The U.S. government and six state attorneys general are hoping to clip the wings of the proposed $11 billion merger of American Airlines parent AMR Corp. and US Airways. The Justice Department has filed an antitrust lawsuit charging that the combination would lead to higher airfares and fees paid by consumers. If the deal were to go ahead, the new American would leapfrog United to become the largest U.S. passenger carrier by several measures, according to the Government Accountability Office.
The suit, filed in federal court in Washington, D.C., attempts to prevent the airline marriage and to preserve "the existing head-to-head competition between the firms that the transaction would eliminate."
In reply, AMR Corp. and US Airways Group announced they "intend to mount a vigorous and strong defense" to the effort to block the merger.
Worry about higher fares, fees
In a written statement, Attorney General Eric Holder says, "This transaction would result in consumers paying the price -- in higher airfares, higher fees and fewer choices." He says the action proves the government's "determination to fight for the best interests of consumers by ensuring robust competition in the marketplace."
Specifically, the Justice Department says the two carriers compete directly on more than a thousand routes "where one or both offer connecting service, representing tens of billions of dollars in annual revenues."
Control of Reagan National
Part of the concern resides inside Washington's Beltway at Reagan National Airport. The department says "the merged airline would have a monopoly on 63 percent of the nonstop routes served out of Reagan National Airport," which is one of three airports serving the Washington area, along with Dulles International Airport and Baltimore-Washington International Thurgood Marshall Airport.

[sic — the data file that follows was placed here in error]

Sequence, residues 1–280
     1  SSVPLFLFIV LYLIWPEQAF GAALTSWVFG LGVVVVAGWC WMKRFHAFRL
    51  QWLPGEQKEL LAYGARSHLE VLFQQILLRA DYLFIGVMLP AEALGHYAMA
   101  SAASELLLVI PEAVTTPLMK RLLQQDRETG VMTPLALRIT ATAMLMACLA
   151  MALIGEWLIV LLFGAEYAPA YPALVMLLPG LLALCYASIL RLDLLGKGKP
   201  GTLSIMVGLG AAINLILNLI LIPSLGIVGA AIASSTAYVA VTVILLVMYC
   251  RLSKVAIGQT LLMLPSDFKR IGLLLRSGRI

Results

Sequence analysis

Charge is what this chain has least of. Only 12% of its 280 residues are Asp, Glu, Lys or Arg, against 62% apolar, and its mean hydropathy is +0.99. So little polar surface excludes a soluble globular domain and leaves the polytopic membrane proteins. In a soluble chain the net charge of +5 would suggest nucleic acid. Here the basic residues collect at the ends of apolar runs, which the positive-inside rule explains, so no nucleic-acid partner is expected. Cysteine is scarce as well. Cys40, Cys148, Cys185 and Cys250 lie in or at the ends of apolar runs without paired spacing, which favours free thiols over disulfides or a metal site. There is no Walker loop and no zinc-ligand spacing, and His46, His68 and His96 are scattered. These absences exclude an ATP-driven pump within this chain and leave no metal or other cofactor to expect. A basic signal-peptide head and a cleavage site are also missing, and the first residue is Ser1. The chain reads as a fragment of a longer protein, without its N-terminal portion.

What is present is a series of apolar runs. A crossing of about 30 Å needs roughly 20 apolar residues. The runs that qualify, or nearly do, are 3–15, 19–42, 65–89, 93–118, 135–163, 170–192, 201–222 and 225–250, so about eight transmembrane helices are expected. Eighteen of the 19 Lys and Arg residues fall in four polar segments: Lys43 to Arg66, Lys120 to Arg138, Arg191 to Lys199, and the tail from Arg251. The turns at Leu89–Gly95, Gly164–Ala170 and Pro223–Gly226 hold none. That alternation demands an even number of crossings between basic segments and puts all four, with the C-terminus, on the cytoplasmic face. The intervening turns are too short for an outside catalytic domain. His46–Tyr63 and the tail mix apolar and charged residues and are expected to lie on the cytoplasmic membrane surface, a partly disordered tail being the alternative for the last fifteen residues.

Critics: What about 3 earlier deals?
Critics of the government's intervention wonder where it has been in recent years.
Says former FAA Inspector General Mary Schiavo, "American and US (Airways) waited too long. For decades airline economists have suggested eventually the market would shake down from dozens of majors in years gone by to just to four majors. The Justice Department has drawn the line in the sand."
The government's attempt to stop airline consolidation is too little, too late, according to Tom Parsons, founder and CEO of travel website BestFares.com. "If they wanted to put a stop to this, they should have done it way back when Delta and Northwest did their merger. They should have done the same thing when Southwest and AirTran did their merger and they should have also done it when Continental and United did their merger," said Parsons. "There were so many crossover routes between those three sets of airlines than there ever has been here with American (and US Airways)," he said.
Parsons says it appears that the government's concern centers on Reagan National, which is a favorite airport among members of Congress looking for a quick getaway out of the nation's capital. Parsons says he suspects "the Justice Department is trying to put pressure" on the two airlines to free up some of their takeoff and landing slots at the Washington, D.C., airport. In its statement, the department said that the merged carrier would control "69 percent of the takeoff and landing slots" at Reagan National (in addition to the aforementioned 63 percent of nonstop routes).
In a report issued in June, the Government Accountability Office said "combining these airlines would result in a loss of one effective competitor (defined as having at least 5 percent of total airport-pair traffic) in 1,665 airport-pair markets affecting more than 53 million passengers."
The Business Travel Coalition hailed the Justice Department's decision. Chairman Kevin Mitchell issued a statement saying, "In recent years … the major airlines have, in tandem, raised fares, imposed new and higher fees, and reduced service. Competition has diminished and consumers have paid a high price. DOJ shines a spotlight on how uncompetitive and cozy U.S. airlines have become." The group says it "represents the interests of the managed travel community."
American, US Airways' defense
In their combined announcement, the two airlines said, "We believe that the DOJ is wrong in its assessment of our merger. Integrating the complementary networks of American and US Airways to benefit passengers is the motivation for bringing these airlines together. Blocking this procompetitive merger will deny customers access to a broader airline network that gives them more choices."
Attorneys general participating in the suit are from Texas, home to American Airlines' headquarters, Arizona, where US Airways is based, as well as Florida, Pennsylvania, Tennessee, Virginia and the District of Columbia.
The proposed merger was announced in February. American has been operating under bankruptcy protection. The Justice Department says, "Absent the merger, American is likely to exit bankruptcy as a vigorous competitor, with strong incentives to grow to better compete with Delta and United."
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